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### 4.OA Operations and Algebraic Thinking

- 4.OA.A Use the four operations with whole numbers to solve problems.
- 4.OA.A.1 Interpret a multiplication equation as a comparison, e.g., 35 = 5 × 7, as 35 is 5 times as many as 7. Represent verbal multiplicative comparisons as equations.
- 4.OA.A.2 Multiply or divide to solve word problems involving multiplicative comparison.
- 4.OA.A.3 Solve multi-step whole-number word problems using the four operations, including problems in which remainders must be interpreted.
- 4.OA.A.3.a Represent these problems using equations with a letter standing for the unknown quantity.
- 4.OA.A.3.b Assess the reasonableness of answers using mental computation and estimation strategies, including rounding.

- 4.OA.B Gain familiarity with factors and multiples.
- 4.OA.B.4 Find all factor pairs for a whole number in the range 1–100.
- 4.OA.B.4.a Recognize that a whole number is a multiple of each of its factors.
- 4.OA.B.4.b Determine whether a given whole number in the range 1–100 is a multiple of a given one-digit number.
- 4.OA.B.4.c Determine whether a given whole number in the range 1–100 is prime or composite.

- 4.OA.B.4 Find all factor pairs for a whole number in the range 1–100.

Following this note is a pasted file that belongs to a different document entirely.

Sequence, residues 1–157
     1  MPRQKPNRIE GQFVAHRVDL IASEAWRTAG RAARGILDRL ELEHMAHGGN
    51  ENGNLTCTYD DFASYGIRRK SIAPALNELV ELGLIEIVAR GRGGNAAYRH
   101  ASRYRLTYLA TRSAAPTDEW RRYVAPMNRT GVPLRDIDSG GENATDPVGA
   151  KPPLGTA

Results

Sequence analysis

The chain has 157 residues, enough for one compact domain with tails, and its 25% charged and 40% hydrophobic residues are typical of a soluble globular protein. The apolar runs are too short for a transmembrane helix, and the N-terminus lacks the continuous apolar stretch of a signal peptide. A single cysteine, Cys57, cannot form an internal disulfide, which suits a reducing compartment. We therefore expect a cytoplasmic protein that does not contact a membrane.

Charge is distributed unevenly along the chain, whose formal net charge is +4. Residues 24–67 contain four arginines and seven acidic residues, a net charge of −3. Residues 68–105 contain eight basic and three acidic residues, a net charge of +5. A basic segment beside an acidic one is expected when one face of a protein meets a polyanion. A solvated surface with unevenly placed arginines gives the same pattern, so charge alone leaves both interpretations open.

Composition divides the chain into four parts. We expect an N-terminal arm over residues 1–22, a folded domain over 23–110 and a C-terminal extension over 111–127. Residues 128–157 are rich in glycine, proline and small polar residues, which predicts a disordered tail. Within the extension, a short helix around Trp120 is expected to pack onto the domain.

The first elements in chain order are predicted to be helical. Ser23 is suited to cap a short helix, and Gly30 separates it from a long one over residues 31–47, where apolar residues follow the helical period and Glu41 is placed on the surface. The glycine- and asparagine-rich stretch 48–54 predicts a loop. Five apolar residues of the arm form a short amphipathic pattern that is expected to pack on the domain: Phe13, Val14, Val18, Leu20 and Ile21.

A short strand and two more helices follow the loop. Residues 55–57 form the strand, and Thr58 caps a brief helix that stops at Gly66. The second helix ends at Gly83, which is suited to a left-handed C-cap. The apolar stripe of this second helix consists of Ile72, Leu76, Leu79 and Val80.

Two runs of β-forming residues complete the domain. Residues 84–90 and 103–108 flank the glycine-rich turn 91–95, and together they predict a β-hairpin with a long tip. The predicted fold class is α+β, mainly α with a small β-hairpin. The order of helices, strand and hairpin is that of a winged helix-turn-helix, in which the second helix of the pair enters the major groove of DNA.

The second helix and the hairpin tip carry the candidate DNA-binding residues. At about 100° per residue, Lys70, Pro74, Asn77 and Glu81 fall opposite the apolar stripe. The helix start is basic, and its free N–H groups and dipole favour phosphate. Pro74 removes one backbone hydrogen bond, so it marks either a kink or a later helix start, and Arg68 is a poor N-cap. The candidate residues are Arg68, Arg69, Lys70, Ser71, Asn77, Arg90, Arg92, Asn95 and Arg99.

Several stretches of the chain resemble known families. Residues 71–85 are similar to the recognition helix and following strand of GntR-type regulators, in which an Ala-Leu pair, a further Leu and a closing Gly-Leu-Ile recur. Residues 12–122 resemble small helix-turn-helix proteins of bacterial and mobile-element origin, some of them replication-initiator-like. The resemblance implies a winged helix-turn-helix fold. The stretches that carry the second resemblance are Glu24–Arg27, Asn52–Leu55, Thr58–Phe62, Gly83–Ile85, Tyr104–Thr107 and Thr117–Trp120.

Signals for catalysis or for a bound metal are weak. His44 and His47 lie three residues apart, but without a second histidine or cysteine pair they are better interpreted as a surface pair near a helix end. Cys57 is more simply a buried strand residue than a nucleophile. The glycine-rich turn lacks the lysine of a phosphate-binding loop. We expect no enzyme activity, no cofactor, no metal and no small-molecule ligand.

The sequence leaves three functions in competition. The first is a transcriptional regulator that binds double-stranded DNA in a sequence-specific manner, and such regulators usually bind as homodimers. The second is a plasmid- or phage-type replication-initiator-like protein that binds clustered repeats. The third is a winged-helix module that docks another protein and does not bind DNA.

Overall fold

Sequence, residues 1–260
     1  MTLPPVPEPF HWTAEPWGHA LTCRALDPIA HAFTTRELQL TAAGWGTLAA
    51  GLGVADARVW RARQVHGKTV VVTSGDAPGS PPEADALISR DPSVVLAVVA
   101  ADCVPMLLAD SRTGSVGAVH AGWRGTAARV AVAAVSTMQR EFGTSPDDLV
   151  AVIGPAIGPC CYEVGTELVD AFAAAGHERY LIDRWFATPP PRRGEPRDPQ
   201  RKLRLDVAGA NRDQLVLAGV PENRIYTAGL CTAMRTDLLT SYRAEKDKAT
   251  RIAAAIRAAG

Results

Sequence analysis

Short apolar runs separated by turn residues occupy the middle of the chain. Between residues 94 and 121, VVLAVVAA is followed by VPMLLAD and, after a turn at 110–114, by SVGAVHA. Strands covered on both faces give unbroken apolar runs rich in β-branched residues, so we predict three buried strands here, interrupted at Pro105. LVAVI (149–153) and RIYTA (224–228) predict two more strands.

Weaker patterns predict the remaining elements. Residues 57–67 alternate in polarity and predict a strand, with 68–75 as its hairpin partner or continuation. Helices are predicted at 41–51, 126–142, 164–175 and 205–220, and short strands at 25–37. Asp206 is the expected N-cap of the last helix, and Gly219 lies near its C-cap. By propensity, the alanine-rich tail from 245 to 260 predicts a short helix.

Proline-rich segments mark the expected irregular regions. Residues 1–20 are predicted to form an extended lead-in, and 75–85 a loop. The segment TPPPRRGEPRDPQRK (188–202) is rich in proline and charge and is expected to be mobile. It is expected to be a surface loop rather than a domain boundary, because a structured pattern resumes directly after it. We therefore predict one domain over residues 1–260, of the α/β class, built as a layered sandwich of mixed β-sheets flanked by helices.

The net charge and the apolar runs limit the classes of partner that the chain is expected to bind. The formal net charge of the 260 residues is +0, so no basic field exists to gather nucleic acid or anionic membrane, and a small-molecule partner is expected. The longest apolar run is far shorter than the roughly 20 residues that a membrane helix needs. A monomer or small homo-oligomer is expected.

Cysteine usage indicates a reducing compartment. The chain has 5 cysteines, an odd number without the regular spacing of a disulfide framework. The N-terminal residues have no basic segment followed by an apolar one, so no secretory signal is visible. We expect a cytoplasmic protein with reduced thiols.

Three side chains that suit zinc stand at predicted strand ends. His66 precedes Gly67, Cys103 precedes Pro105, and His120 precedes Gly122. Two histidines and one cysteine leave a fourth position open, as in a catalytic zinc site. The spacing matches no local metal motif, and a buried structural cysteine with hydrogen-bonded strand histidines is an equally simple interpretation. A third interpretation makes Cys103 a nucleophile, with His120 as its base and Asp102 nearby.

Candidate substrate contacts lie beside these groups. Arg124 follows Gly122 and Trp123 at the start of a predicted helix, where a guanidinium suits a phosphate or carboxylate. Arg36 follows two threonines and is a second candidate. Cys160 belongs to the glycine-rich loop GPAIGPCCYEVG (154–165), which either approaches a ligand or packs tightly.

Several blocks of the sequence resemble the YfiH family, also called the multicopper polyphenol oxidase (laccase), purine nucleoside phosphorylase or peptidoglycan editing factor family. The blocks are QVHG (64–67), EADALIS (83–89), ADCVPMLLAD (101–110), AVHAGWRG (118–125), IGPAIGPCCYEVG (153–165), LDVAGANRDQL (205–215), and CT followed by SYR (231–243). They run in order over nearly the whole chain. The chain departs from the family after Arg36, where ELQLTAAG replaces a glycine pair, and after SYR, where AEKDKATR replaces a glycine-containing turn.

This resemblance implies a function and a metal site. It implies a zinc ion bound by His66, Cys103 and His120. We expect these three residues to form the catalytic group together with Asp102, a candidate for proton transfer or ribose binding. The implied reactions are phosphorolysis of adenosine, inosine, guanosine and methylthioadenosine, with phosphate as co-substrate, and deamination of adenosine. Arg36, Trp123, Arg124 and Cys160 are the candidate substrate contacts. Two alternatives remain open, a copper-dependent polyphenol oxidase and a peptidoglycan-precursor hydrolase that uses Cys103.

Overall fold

- 4.OA.C Generate and analyze patterns.
- 4.OA.C.5 Generate a number or shape pattern that follows a given rule. Identify and explain features of the pattern that were not explicit in the rule itself.

### 4.NBT Number and Operations in Base Ten

- 4.NBT.A Generalize place value understanding for multi-digit whole numbers, less than or equal to 1,000,000.
- 4.NBT.A.1 Recognize that in a multi-digit whole number, a digit in any place represents ten times as much as it represents in the place to its right.
- 4.NBT.A.2 Read and write multi-digit whole numbers using standard form, expanded form, and word form. Compare two multi-digit numbers based on meanings of the digits and each place, recording the results of comparisons with the symbols >, =, and <.
- 4.NBT.A.3 Use place value understanding or visual representation to round multi-digit whole numbers to any place.

- 4.NBT.B Use place value understanding and properties of operations to perform multi-digit arithmetic on whole numbers less than or equal to 1,000,000.
- 4.NBT.B.4 Fluently use the standard algorithm for multi-digit whole-number addition and subtraction.